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Re: Another point of view

Postby tsunami » Fri Oct 27, 2006 5:00 am

ups.... :?

no one (me included) did you share a recepie.

http://www.bostonvanillabeans.com/vanil ... ecipes.htm

i would recomend, the 4x, with 24 beans for one cup alcohol :oops:

or as i do, yust collect in a small glass-jar the vanilla you have used (cut in small pieces) and leave it there for 6 month (thake the vanilla out, and start adding fresh "used" vanilla.) with time, youll get a good extract!


btw:
yes, it´s me :wink: :
http://www.bostonvanillabeans.com/party.htm
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Re: Another point of view

Postby Kim Adams » Fri Oct 27, 2006 9:25 am

Redwinger wrote:The idea of Everclear was nixed by the lovely NJ..no rational reason, just wanted to stick with vodka. Seeing as this was our first attempt we kept it pretty simple. Three Madagasgar Vanilla beans split lengthwise into 500ml of "value priced" 100 proof vodka. I'll report back in 4 or 5 weeks and let you know how my science project is coming along.
Thanks to all who provided comments.
Bill


That's because Norma knows that Everclear will probably blow up if she gets it too close to the burner. Aside from its proof, that's probably another reason why it's banned here in Michigan. :wink: Hey, we're gonna miss you guys this weekend.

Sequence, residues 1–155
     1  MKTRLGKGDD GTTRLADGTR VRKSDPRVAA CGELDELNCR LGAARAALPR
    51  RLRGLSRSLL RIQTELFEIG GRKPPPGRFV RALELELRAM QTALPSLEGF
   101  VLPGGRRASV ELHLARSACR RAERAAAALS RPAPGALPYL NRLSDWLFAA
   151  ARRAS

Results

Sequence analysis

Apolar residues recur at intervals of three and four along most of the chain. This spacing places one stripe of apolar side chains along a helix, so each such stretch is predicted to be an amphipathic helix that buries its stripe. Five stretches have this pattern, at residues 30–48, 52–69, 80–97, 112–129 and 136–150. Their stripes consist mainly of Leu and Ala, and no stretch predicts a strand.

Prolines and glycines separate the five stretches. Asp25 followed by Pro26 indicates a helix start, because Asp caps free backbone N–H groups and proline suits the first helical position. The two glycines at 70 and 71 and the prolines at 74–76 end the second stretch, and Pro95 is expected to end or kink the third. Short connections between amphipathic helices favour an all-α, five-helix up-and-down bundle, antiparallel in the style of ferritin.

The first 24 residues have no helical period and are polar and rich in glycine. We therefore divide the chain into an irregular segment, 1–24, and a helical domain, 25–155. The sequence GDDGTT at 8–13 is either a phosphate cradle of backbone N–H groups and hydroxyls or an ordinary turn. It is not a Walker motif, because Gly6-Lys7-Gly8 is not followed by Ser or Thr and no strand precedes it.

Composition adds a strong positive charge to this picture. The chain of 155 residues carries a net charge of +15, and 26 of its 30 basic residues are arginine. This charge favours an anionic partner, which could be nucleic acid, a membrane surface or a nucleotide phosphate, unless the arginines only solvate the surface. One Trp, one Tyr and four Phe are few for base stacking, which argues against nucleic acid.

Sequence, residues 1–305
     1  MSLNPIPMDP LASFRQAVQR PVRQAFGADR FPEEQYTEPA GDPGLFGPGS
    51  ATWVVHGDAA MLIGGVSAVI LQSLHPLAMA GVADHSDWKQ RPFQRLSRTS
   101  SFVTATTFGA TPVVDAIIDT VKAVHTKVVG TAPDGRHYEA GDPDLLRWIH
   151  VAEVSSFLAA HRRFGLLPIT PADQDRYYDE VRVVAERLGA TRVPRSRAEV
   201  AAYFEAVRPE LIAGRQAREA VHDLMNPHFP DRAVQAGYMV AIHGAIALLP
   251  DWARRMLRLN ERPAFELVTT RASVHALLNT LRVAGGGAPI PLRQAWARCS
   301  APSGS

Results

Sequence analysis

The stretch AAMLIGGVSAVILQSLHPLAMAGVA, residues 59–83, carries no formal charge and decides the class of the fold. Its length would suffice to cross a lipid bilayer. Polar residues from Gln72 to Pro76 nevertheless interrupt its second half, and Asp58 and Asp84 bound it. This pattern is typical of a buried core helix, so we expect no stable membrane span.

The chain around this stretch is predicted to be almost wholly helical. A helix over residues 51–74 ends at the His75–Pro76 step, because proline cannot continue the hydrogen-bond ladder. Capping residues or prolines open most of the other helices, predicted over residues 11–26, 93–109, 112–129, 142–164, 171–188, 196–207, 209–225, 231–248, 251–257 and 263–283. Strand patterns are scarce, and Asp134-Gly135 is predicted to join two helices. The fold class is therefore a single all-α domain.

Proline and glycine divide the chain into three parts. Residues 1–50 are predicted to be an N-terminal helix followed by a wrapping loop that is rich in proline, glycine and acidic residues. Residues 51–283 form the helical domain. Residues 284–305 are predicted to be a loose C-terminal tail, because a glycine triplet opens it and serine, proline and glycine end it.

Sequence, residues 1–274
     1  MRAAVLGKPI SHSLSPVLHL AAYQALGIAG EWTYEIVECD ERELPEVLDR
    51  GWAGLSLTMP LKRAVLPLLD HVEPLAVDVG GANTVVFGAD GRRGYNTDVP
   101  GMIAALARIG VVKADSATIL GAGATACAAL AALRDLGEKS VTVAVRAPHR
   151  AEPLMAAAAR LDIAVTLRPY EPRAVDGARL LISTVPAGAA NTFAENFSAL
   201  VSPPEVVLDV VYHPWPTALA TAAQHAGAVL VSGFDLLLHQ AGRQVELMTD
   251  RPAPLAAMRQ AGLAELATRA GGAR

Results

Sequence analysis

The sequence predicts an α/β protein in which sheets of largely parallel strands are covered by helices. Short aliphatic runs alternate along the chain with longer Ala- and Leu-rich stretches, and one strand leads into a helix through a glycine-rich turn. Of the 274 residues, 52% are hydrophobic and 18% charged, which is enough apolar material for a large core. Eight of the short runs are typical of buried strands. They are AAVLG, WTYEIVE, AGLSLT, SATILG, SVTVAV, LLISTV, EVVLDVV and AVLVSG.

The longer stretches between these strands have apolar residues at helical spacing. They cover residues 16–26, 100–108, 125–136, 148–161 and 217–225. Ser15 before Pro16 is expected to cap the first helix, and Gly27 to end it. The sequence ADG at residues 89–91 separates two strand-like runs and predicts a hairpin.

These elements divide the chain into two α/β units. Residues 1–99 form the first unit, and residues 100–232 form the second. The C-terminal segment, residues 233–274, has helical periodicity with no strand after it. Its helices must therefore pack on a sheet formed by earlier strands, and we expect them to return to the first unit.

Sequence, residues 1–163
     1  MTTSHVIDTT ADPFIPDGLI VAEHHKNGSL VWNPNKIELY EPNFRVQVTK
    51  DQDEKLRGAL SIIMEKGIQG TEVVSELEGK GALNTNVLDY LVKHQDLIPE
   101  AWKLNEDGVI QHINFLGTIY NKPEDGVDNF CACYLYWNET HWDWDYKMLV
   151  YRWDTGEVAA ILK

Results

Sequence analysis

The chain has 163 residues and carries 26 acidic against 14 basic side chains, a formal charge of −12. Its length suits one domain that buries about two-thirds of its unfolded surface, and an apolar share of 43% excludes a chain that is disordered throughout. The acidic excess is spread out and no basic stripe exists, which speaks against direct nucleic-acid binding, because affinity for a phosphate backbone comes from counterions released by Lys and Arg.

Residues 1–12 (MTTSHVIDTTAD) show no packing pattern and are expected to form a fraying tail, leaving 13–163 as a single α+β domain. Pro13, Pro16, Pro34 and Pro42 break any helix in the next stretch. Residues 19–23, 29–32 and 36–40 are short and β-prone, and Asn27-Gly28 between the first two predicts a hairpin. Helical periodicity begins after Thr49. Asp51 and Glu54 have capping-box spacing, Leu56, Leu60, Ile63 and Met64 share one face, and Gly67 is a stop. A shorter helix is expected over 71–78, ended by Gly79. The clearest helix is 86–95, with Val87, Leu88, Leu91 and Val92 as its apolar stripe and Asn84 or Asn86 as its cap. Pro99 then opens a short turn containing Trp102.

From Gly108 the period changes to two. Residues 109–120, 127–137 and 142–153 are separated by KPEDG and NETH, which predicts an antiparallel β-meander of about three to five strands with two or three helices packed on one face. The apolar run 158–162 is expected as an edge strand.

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Re: Another point of view

Postby Redwinger » Fri Oct 27, 2006 5:56 pm

Kim,
Have fum in Cleve. this weekend. I'll live vicariously as Geo and/or Larry get notes and yarns posted on the Gang site.
Hope all is well with you.
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Re: Another point of view

Postby Redwinger » Fri Dec 01, 2006 10:17 am

Redwinger wrote:The idea of Everclear was nixed by the lovely NJ..no rational reason, just wanted to stick with vodka. Seeing as this was our first attempt we kept it pretty simple. Three Madagasgar Vanilla beans split lengthwise into 500ml of "value priced" 100 proof vodka. I'll report back in 4 or 5 weeks and let you know how my science project is coming along.Thanks to all who provided comments.
Bill


Well, I'm just a little over a month into this experiment and the vodka/vanilla mixture has darkened each day, and the nose which began as pure alcohol has taken on a pleasing/somewhat dense vanilla (imagine that :) ) aspect. I'll strain off a small volume soon to use in some baking projects NJ has planned, and leave the remainder to develop even more extraction.